Inc: Google Makes Employees Sign Away Right to Sue Over Pornography (and Lots of Other Rights, Too). “Google would rather you didn’t know about this because the company doesn’t want you to know anything at all about what it’s like to work at Google other than information the company itself has released. That, ironically, is the subject of a lawsuit that made the I-won’t-sue-for-pornography waiver public as part of a court filing. Here it is…”
UGH. From The Economic Times: No legal obligation to weed out objectionable content: Google tells SC . “Internet search engine Google on Wednesday told the Supreme Court it was under ‘no legal obligation’ to scan and weed out videos containing objectionable sexual content on its own in the absence of any specific complaint amid allegations that videos of the alleged rape of a Malayalam actress recently were doing the rounds on the social media.” This is in India. I wonder if this would be the same in the US.
New York Times: Snapchat Discover Takes a Hard Line on Misleading and Explicit Images . “The new rules more explicitly restrict publishers from posting questionable pictures on Discover that do not have news or editorial value. Snapchat also clarified guidelines that prevent publishers from including reports or links to outside websites that could be considered fake news, saying that all content must be fact-checked and accurate.”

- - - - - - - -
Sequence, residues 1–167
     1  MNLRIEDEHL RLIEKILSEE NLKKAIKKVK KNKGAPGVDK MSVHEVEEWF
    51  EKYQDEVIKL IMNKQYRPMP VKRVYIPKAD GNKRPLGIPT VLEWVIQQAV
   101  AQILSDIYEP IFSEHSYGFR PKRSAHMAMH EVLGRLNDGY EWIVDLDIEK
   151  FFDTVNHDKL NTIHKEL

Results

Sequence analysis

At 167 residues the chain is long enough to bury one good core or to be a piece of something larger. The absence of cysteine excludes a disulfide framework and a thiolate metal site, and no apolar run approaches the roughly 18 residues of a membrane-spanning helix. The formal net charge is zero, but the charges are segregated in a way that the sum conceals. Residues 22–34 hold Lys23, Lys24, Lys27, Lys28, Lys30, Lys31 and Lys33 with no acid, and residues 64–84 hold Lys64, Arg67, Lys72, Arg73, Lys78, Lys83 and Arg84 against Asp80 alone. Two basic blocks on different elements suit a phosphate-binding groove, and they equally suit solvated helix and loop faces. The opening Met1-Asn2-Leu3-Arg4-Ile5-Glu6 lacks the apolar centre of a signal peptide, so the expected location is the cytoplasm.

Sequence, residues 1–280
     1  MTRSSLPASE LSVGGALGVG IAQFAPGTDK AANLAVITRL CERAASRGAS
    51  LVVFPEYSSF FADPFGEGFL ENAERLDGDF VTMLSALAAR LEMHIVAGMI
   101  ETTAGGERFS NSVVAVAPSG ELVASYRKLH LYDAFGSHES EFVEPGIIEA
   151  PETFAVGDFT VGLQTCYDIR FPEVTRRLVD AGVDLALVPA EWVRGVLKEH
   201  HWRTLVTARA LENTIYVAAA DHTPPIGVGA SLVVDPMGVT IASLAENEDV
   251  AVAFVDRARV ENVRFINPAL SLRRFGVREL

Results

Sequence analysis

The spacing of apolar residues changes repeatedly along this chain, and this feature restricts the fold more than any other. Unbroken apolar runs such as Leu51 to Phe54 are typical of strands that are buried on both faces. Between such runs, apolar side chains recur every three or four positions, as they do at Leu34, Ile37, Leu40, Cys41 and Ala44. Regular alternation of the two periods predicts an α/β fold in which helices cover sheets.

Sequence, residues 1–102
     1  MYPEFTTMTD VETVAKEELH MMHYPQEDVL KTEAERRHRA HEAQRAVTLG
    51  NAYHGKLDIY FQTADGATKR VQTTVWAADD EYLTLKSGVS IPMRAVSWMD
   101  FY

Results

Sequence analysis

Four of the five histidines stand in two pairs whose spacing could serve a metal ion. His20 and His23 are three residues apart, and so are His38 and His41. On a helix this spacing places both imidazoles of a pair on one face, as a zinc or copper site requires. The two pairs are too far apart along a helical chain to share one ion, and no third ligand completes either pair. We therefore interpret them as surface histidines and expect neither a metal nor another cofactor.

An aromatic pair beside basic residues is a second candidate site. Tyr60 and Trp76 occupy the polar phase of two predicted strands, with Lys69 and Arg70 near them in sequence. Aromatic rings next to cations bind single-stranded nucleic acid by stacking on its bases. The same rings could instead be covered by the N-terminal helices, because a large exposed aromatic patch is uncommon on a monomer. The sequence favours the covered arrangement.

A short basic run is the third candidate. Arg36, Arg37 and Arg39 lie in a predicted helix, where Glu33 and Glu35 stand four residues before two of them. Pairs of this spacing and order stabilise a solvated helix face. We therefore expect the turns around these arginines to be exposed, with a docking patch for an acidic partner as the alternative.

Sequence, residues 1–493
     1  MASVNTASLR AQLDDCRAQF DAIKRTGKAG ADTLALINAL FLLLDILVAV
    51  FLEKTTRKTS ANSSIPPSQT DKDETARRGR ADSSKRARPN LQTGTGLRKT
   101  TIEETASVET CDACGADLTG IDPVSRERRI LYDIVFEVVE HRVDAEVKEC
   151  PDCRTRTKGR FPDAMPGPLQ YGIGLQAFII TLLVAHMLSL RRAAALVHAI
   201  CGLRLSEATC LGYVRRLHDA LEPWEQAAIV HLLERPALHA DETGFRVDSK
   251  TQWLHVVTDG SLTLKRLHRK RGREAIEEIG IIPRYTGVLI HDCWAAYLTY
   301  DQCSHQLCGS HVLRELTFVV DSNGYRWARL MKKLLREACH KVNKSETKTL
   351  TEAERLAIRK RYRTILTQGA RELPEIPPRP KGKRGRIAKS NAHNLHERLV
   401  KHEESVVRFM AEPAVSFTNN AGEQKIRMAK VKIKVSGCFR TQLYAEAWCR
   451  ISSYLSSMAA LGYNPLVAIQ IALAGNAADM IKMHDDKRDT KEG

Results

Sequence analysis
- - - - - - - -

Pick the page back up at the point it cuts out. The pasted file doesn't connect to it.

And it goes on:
From TorrentFreak, which is always worth a read: Porn Pirate Sites Use ‘Backdoor’ to Host Videos on YouTube. “Adult themed streaming sites are using a loophole in Google’s services to store infringing material at no cost. Google’s servers are increasingly being used as a hosting platform, by exploiting YouTube’s private publishing backdoor.”
The Daily Beast: Microsoft Anti-Porn Workers Sue Over PTSD. Terrible headline. “When former Microsoft employees complained of the horrific pornography and murder films they had to watch for their jobs, the software giant told them to just take more smoke breaks, a new lawsuit alleges.” I’m linking to this here because apparently Mechanical Turk workers also sometimes have to look at graphic and disturbing imagery, and they don’t even have the HR protections to file a lawsuit – at least I wouldn’t think they do because they’d be considered contract workers. Horrifying.
Forbes: Do Social Media Platforms Really Care About Online Abuse? “Each time the platforms miss something, the typical response from the companies tends to be along the line of limited resources – that the platforms process so much content that they simply lack the human review resources to go through all that content. Yet, when it comes to other fields like food safety, we don’t argue that salmonella outbreaks are perfectly acceptable because it would cost too much for companies to invest in the equipment, training and processes to avoid it. We understand that there is always a risk of an outbreak, but we expect that food processing companies will pay the costs to avoid it to the best that technology and human capability permits today.”
Facebook wants to police its livestreams with AI. “Facebook is working on automatically flagging offensive material in live video streams, building on a growing effort to use artificial intelligence to monitor content, said Joaquin Candela, the company’s director of applied machine learning.”